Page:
National Geographic : 1963 Feb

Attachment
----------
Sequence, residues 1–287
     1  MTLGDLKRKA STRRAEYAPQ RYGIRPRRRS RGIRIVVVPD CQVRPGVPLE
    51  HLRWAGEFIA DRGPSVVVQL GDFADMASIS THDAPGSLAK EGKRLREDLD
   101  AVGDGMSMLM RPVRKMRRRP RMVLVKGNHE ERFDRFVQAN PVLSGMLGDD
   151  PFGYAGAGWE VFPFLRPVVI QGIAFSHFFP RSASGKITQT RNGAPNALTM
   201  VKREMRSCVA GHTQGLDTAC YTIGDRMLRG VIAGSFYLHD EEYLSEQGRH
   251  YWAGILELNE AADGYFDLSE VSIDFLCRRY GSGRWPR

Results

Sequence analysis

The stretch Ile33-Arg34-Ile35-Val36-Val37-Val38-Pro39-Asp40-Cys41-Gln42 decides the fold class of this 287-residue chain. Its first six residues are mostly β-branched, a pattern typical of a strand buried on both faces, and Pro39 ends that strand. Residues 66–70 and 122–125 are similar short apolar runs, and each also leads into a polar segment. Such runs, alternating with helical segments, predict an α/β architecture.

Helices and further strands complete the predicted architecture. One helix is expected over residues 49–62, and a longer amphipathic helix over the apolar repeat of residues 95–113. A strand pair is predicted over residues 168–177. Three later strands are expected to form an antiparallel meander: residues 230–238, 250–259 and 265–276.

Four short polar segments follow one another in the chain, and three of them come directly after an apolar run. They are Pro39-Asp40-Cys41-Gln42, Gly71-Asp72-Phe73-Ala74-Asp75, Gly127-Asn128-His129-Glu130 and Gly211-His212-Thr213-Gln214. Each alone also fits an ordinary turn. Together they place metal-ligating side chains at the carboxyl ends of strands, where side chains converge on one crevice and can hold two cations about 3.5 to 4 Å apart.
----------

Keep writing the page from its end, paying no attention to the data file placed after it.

from his head and gave to two Burmese mer chants who had traveled to India. One ruler after another enlarged and em bellished this shrine. An 18th-century king, Sinbyushin of Ava, raised the gold-leaf covered spire to its present height of 326 feet. In 1871 King Mindon added a new hti ("tee"), or umbrella crown, and studded it with $150,000 worth of gold, rubies, emeralds, and diamonds. Devout worshipers by the thousands daily climb barefooted up the long flights of steps 166 to the hilltop terrace, 168 feet above the sur rounding city, from which the solid masonry pagoda spires upward into the sky. Others take a new and easier way up-one of two elevators in towers beside the shrine. These towers are connected to the hilltop terrace by high covered walkways. I was determined to walk. I took off my shoes-for signs in English at the entrances say "Footwearing Strictly Prohibited"-and climbed the steps past rows of stalls selling flowers, toys, gilded Buddhas, and incense.